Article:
Magazine article Washington Report on Middle East Affairs

The Legacy of Hind Al-Husseini

Magazine article Washington Report on Middle East Affairs

The Legacy of Hind Al-Husseini

Article excerpt

ONE COLD DAY in April 1948, 31-year-old Hind al-Husseini happened upon a group of 55 young children outside the Holy Sepulchre church in Jerusalem's Old City. They had been dumped in the Old City and wandered near the church after having survived-and been orphaned by-a massacre in their village on the outskirts of Jerusalem, Deir Yassin, by members of the Irgun and the Stern Gang.

Hind rescued the children immediately, bringing them to two rooms she rented for them nearby. Every day, Hind would visit the children with food and spend time with them. She soon brought them to the Sahyoun convent on the Via Dolorosa, following conversations with the head of the convent, who was worried about Hind's safety en route to visiting the children in their two rooms. Palestine was in the midst of a war, and the Old City of Jerusalem was not spared from attacks. Indeed, shortly after Hind removed the children from the two rooms she had rented, those very rooms were bombed. So, within 10 days, the children had narrowly escaped death-first at their homes in Deir Yassin, and then in the Old City.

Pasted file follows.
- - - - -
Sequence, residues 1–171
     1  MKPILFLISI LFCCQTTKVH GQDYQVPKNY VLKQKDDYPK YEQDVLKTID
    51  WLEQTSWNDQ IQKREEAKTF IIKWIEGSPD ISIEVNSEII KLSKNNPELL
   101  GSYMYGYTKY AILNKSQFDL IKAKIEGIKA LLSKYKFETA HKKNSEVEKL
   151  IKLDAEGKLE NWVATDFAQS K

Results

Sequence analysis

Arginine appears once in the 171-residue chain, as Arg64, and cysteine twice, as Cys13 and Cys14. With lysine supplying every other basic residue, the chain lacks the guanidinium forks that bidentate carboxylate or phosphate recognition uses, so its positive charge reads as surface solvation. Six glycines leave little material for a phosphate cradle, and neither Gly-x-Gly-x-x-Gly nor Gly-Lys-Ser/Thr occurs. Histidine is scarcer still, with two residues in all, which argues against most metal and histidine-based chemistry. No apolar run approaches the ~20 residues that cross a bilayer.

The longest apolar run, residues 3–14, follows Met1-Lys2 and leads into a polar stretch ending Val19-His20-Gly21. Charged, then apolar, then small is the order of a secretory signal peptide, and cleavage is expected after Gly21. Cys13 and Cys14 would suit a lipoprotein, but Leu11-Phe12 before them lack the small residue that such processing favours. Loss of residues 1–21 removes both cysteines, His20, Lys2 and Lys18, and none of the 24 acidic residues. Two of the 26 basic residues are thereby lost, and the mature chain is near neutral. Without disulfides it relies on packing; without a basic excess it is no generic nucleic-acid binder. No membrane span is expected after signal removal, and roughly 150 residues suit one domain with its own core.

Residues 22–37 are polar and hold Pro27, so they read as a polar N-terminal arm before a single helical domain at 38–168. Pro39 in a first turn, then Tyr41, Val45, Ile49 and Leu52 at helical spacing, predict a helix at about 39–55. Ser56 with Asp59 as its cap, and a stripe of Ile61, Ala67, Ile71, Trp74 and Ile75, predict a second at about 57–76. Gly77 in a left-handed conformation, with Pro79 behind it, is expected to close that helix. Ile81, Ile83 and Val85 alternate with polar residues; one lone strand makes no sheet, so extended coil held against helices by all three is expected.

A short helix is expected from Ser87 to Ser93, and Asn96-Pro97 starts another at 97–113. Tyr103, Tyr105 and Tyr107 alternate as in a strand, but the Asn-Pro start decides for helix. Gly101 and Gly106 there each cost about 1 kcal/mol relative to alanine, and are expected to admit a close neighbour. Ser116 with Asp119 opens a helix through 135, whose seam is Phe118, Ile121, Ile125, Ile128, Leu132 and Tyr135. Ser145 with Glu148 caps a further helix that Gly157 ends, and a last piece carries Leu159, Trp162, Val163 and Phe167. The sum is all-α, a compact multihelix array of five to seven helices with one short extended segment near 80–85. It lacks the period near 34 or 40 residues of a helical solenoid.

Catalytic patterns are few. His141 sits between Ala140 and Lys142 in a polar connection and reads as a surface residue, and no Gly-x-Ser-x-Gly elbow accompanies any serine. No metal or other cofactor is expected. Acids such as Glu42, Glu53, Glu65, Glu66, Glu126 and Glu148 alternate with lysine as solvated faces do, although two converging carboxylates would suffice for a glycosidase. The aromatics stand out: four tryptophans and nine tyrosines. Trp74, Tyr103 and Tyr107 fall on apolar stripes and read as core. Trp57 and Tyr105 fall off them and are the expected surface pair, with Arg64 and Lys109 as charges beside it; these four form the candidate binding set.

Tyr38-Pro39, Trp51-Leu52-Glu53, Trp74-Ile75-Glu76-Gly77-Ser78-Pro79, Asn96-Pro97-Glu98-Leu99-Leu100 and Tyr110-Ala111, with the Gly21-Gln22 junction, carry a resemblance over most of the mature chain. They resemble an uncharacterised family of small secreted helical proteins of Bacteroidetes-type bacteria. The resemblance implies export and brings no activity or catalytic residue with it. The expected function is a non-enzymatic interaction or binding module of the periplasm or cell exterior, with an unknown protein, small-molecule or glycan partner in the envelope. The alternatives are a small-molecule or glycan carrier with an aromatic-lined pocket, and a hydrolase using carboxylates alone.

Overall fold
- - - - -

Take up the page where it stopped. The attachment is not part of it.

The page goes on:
After the first cease-fire, Hind brought all 55 children-mostly all under the age of nine-from the convent to her family home, a mansion built by her grandfather in Jerusalem in 1891. Hind had been born there on April 25, 1916. On her 32nd birthday, just two weeks after the massacre of Deir Yassin, she renamed the house the Dar Al-Tifl Al-Arabi (Arab Children's House), founding it as an orphanage for the young survivors. "It was the worst of times," she recalled, adding, "It was the end of the Mandate."

Hind created the Dar Al-Tifl foundation to raise money from all over the world to fund and expand the school and its enrollment over the years. In 1949 and in the early 1950s, other orphans from cities and villages including Jaffa, Betunya, Hebron, Qalqilya, Ramle, Jerusalem, Arrabe, Gaza and Lifta joined the school. After 1967, the school accepted only girls, with the exception of pre-school and kindergarten, as well as boarding students until the age of six.

As Hind was of the conviction that women had a right to "proper education," she founded the Hind Al-Husseini College for Women in 1982 as a branch of Al Quds (Jerusalem) University.

By 1995, Dar Al-Tifl had some 300 orphans. …

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